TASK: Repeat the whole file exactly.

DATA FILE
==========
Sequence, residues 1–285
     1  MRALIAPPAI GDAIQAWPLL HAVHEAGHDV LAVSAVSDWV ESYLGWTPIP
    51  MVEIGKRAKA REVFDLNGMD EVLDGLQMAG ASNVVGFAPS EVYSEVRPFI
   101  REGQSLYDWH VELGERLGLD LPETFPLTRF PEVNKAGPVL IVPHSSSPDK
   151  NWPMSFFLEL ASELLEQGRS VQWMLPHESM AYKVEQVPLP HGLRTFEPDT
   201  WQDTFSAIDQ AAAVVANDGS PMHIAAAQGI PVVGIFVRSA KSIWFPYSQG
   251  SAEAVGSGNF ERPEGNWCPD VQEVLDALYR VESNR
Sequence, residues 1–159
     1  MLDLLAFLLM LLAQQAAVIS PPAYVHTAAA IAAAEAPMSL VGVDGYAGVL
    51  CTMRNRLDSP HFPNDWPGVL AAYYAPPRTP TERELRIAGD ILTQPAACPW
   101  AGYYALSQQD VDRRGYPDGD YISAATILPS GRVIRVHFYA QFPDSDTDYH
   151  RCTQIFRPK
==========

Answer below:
Sequence, residues 1–285
     1  MRALIAPPAI GDAIQAWPLL HAVHEAGHDV LAVSAVSDWV ESYLGWTPIP
    51  MVEIGKRAKA REVFDLNGMD EVLDGLQMAG ASNVVGFAPS EVYSEVRPFI
   101  REGQSLYDWH VELGERLGLD LPETFPLTRF PEVNKAGPVL IVPHSSSPDK
   151  NWPMSFFLEL ASELLEQGRS VQWMLPHESM AYKVEQVPLP HGLRTFEPDT
   201  WQDTFSAIDQ AAAVVANDGS PMHIAAAQGI PVVGIFVRSA KSIWFPYSQG
   251  SAEAVGSGNF ERPEGNWCPD VQEVLDALYR VESNR
Sequence, residues 1–159
     1  MLDLLAFLLM LLAQQAAVIS PPAYVHTAAA IAAAEAPMSL VGVDGYAGVL
    51  CTMRNRLDSP HFPNDWPGVL AAYYAPPRTP TERELRIAGD ILTQPAACPW
   101  AGYYALSQQD VDRRGYPDGD YISAATILPS GRVIRVHFYA QFPDSDTDYH
   151  RCTQIFRPK